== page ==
Noons for Now: Sociology on Fire: North American Wildland Fires, Past, Present and Future with Mark Hudson from University of Manitoba. Oct. 5, 12-1PM (Zoom)
The wildland fires of 2023 have blown the roof off the record books in Canada. Is this what we can expect from now on? How did we build such combustible landscapes? The new fire regimes we are seeing emerge so “suddenly” are at least a century in the making. Fossil fuels and the associated climate change are a part of the story, but so are other aspects of capitalist settler colonialism that have profoundly changed the way that sparks interact with fuels. Avoiding a future of catastrophic fire means radically reducing “fossil fire,” but also radically increasing the intentional application of fire to the landscape.
The Carleton Climate Commons invites you to participate in a new initiative: Teach-In’s for climate action called “Noons for Now.” As the name suggests, we’re taking our lead from the model of the school strike introduced by Greta Thunberg. Starting in September 2018, Thunberg sat on the steps of Swedish parliament each Friday at noon to strike for climate action. Sometimes she was alone. Sometimes one or two classmates were with her. But slowly this small action created a movement. We take heart from this action and the possibility we all have to effect change in response to the climate crisis. The Teach-In action we’ve chosen speaks to our role as faculty and students at a university. Each week we will bring together one to three speakers, in addition to a moderator, to discuss some facet of the climate crisis. Sometimes it might be just this small group. Sometimes more people might attend. Whatever the case, we invite you to join us anytime, to participate in the conversation or only to listen, to come for part of the hour or the entire thing, to come with friends or on your own. At first this event will likely be somewhat improvisational but we always welcome suggestions, feedback, and participation. The goal is to hold space for climate conversation, ideas, and action on a weekly basis until our country—and, we hope, others too—meets the climate crisis with policy and action commensurate to its urgency.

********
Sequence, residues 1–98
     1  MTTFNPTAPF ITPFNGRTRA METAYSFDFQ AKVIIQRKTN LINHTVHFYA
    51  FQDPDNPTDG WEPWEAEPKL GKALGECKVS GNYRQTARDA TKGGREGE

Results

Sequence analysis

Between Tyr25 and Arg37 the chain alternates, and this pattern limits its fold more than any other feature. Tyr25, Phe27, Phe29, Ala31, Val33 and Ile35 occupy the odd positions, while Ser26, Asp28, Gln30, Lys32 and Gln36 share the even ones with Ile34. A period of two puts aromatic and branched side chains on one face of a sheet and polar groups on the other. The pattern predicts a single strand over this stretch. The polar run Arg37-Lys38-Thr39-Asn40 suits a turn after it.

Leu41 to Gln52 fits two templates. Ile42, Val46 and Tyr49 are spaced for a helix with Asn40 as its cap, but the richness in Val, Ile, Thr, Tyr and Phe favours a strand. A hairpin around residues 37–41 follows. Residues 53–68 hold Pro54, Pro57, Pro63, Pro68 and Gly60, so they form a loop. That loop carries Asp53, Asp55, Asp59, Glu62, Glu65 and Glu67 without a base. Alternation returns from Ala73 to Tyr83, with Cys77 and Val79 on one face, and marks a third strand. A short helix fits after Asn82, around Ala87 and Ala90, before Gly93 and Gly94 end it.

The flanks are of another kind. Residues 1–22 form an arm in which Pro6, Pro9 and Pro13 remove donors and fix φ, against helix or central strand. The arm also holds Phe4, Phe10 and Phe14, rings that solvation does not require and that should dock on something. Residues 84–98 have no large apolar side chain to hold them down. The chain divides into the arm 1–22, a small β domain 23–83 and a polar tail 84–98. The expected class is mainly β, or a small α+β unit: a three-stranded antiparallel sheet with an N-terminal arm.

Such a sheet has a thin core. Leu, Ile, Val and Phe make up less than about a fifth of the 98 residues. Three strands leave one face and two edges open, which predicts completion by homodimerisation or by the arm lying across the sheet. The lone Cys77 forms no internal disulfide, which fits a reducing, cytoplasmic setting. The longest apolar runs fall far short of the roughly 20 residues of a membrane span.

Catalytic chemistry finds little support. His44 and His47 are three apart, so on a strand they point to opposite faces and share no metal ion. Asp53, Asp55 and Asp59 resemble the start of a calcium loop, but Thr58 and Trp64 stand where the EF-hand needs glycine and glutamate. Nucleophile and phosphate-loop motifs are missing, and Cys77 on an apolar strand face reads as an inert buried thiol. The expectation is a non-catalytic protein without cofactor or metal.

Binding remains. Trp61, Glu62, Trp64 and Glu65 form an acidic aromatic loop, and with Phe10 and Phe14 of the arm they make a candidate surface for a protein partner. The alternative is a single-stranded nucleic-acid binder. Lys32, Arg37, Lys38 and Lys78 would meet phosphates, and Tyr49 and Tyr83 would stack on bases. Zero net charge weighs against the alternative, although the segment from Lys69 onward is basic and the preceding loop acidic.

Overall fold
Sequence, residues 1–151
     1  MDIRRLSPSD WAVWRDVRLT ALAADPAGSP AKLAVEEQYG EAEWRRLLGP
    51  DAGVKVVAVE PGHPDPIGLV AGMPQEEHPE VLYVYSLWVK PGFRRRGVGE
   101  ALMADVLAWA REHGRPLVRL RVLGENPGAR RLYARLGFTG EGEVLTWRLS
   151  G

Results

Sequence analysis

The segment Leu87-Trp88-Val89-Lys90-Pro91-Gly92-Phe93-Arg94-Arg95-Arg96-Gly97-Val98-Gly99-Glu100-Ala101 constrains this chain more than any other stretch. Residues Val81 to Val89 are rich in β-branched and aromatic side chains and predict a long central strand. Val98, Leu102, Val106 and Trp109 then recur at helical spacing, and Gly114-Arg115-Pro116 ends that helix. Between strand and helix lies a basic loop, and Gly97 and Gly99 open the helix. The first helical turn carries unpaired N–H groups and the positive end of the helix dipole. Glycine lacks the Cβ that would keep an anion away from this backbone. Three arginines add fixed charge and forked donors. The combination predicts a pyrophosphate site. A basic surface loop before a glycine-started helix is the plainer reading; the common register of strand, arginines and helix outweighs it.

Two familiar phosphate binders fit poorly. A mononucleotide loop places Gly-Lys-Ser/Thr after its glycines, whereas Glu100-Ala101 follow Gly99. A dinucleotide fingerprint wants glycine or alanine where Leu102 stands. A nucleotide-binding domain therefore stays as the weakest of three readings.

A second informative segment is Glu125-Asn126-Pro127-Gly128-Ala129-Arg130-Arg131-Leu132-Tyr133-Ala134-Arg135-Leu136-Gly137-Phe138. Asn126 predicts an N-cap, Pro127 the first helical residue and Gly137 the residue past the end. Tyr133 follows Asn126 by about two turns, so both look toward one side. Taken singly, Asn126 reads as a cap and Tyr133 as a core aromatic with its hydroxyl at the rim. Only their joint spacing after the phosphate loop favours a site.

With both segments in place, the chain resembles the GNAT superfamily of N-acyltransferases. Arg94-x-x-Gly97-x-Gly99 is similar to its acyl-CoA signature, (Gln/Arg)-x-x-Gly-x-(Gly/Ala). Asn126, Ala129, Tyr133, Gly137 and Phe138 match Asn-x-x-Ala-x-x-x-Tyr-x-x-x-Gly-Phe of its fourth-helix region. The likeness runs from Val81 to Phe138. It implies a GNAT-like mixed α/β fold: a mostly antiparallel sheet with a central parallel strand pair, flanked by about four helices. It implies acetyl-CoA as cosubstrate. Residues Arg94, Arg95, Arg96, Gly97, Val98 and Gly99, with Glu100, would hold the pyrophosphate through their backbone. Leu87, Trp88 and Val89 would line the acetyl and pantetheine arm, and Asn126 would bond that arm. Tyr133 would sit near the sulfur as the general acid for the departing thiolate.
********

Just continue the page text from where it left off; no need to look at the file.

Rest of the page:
“In order to set our institutions firmly on the path of future knowledges, we need to reinvent a classroom without walls in which we are all co-learners; a university that is capable of convening various publics in new forms of assemblies that becomes points of convergence of and platforms for the redistribution of different forms of knowledges.” – Achille Mbembe